A Lesson From Virginia: Attacking Women's Health Is Not Only Bad Policy, It's Bad Politics

When it comes to Ken Cuccinelli, women in Virginia aren't buying what he's selling. Turns out the more Virginians learn about Cuccinelli's positions on women's health, the less likely they are to vote for him.
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Texas Attorney General and Republican gubernatorial candidate Greg Abbott recently told an El Paso audience: "There is no one in the state of Texas who has done more to fight to help women than I have in the past decade."

It's a bold choice of words coming from someone who wants to end access to safe and legal abortion, and has supported shutting down 76 women's health centers across the state. Thousands of women have already been cut off from access to affordable health care because of policies he supports -- any more "help" from Greg Abbott and women in Texas will really be out of luck.

This is just the latest attempt by an extreme politician to appeal to women voters despite policies more suited to 1953 than 2013. Case in point: Virginia, where the most anti-woman ticket we've ever seen from a major party is on the ballot this fall. In a recent debate against Democrat Terry McAuliffe, Republican gubernatorial candidate Ken Cuccinelli even took a page out of Greg Abbott's book, claiming: "No one up here has done more to protect women ... than I have."

Sound familiar? Just as with Greg Abbott, the problem isn't what Ken Cuccinelli says -- it's what he believes. His record reads like a Buzzfeed list of the worst anti-women's health positions we're seeing from extreme politicians across the country. He wants to ban safe and legal abortion even in the cases of rape, incest or to protect the health of the woman, opposes emergency contraception, and finds no-copay birth control so appalling that he has encouraged his supporters to go to jail for civil disobedience. He bullied a Virginia medical board into passing medically unnecessary restrictions on abortion providers that have caused health centers to close. He's a leading advocate for so-called "personhood" efforts, which, if enacted, could interfere in personal, private medical decisions relating to birth control, access to fertility treatment, management of miscarriage, and access to safe and legal abortion.

But here's the good news: When it comes to Ken Cuccinelli, women in Virginia aren't buying what he's selling.

According to a Washington Post poll from May, Ken Cuccinelli was effectively tied with Terry McAuliffe among women voters. As of a poll last week, women support Terry McAuliffe by 20 points -- a historic gender gap. What happened? Turns out the more Virginians learn about Cuccinelli's positions on women's health, the less likely they are to vote for him. In what was supposed to be a total nail-biter, women have broken this race wide open -- overwhelmingly standing with Terry McAuliffe, who has pledged to stand like "a brick wall" when our rights come under attack.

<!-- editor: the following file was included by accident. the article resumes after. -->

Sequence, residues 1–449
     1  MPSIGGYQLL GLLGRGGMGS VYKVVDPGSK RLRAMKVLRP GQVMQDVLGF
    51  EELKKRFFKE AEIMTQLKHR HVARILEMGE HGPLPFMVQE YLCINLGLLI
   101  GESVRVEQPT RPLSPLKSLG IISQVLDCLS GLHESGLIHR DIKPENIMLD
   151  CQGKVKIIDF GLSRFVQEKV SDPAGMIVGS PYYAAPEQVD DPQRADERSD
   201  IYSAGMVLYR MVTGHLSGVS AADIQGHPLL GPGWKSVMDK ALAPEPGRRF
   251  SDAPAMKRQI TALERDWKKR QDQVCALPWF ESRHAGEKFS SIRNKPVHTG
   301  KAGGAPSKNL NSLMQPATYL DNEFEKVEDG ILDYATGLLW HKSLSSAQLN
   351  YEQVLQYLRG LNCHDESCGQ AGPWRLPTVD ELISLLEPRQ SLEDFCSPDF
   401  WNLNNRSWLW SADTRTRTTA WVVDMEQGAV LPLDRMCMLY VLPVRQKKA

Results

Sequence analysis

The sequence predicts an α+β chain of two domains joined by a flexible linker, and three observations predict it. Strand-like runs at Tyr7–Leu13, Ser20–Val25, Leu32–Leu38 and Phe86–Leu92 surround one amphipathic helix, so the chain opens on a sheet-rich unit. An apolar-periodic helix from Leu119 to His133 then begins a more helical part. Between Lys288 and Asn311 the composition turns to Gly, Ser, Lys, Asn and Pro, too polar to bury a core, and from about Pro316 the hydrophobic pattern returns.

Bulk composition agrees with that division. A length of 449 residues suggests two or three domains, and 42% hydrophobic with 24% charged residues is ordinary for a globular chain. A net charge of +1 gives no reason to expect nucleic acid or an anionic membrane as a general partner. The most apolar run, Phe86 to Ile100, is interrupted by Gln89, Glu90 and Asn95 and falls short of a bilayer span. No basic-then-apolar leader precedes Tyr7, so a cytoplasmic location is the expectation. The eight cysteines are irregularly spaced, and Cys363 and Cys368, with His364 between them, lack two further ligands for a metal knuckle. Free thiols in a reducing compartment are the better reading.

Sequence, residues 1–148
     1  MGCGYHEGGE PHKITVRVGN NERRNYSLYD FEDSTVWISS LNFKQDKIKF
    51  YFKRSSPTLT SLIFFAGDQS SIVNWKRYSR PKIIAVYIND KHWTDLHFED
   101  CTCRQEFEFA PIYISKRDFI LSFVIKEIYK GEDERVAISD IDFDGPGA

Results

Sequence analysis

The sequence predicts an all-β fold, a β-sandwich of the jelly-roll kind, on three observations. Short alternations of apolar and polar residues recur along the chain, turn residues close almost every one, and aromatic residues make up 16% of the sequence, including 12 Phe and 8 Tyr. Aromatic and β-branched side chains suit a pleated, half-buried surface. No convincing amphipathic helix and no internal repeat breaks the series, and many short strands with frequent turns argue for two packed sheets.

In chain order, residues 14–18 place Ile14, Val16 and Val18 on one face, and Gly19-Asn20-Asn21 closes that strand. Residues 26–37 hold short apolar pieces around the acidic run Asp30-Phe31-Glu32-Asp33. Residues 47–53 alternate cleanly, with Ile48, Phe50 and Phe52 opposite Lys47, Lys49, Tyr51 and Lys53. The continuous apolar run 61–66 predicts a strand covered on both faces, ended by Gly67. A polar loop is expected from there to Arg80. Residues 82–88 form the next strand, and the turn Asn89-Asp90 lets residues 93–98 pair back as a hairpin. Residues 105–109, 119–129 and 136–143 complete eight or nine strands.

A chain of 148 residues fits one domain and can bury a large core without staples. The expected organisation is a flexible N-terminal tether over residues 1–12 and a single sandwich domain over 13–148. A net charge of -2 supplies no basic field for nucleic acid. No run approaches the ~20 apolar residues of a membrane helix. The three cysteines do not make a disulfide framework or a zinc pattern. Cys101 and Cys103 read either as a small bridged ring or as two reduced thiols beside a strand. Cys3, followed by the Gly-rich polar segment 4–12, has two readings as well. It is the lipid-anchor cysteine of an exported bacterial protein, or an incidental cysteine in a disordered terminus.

In fact, these extreme positions are costing Ken Cuccinelli not only with women, but a broad cross-section of voters who understand that access to Planned Parenthood, preventive care, and affordable birth control are important health care issues and fundamental economic ones. Virginia needs a governor who will attract new business and move the economy forward -- an impossible task for someone who wants to take half of the population back to the 1950s.

So-called "women's issues" have flipped a switch for voters. Across the state, we're seeing unprecedented numbers of folks who are not only eager to vote in this election, but looking for ways to help spread the word to their friends and neighbors. This election is within our reach, thanks to the folks who have knocked on hundreds of doors and made thousands of phone calls to make sure women in Virginia know what's at stake this fall.

According to a United Technologies/National Journal Congressional Connection poll, the Republican Party's continued attacks on women's health are costing them significantly with women nationally. Despite efforts to address their party's "women problem," only 14 percent of respondents said the GOP had moved closer to their perspective since the 2012 elections. In fact, 33 percent of women said Republicans are headed in the opposite direction. Of those women who said the Republican Party had moved away from them, nearly three in five, 59 percent, said it was because the GOP had become "too conservative."

Anyone who wants to run for office should take a lesson from Virginia: attacking women's health is not only bad policy, it's bad politics. The outpouring of activism we're seeing in the Commonwealth to fight back against these attacks and elect a candidate who stands with women isn't an outlier -- it's the new normal.

Cecile Richards, president, Planned Parenthood Votes

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